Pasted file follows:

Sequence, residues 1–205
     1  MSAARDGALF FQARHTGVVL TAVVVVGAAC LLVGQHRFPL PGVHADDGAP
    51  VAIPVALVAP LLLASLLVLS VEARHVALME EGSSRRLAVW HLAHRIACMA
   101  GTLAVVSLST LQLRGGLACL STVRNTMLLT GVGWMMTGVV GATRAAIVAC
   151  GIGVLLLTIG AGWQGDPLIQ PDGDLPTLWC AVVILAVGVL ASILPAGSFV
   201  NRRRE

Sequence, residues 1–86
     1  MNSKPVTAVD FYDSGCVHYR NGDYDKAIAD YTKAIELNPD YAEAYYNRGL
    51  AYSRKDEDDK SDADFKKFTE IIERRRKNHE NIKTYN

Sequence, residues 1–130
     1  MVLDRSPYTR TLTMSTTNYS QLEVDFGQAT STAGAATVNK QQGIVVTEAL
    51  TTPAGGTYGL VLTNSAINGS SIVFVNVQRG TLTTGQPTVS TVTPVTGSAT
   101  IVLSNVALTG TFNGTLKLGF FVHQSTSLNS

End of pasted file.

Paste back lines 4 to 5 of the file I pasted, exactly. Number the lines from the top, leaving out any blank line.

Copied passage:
   101  GTLAVVSLST LQLRGGLACL STVRNTMLLT GVGWMMTGVV GATRAAIVAC
   151  GIGVLLLTIG AGWQGDPLIQ PDGDLPTLWC AVVILAVGVL ASILPAGSFV